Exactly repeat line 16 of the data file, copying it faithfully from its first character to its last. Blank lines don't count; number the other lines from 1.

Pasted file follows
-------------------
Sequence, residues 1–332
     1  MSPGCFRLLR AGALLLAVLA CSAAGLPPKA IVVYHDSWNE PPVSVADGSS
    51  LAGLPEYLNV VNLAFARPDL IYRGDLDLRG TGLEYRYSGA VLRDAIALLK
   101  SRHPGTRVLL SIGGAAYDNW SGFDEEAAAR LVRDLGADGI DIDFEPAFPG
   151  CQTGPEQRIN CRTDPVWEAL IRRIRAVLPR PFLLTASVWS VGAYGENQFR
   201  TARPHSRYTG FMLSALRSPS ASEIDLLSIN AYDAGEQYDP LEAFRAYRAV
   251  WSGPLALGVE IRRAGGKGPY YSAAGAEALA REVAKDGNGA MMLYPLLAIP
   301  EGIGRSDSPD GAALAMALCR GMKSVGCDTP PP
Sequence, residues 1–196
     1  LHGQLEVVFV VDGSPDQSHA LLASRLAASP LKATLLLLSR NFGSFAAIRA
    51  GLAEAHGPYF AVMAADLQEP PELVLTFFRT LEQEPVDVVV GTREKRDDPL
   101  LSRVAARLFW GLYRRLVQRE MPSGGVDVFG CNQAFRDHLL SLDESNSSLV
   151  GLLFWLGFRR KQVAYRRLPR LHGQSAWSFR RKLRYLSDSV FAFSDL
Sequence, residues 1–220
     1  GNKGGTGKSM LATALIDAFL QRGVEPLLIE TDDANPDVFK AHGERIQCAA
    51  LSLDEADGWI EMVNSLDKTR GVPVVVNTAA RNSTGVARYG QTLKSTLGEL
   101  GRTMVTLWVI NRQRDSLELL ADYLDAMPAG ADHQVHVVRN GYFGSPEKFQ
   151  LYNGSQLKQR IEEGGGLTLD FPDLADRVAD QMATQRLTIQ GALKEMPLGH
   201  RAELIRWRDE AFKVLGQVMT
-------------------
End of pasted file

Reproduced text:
    51  LSLDEADGWI EMVNSLDKTR GVPVVVNTAA RNSTGVARYG QTLKSTLGEL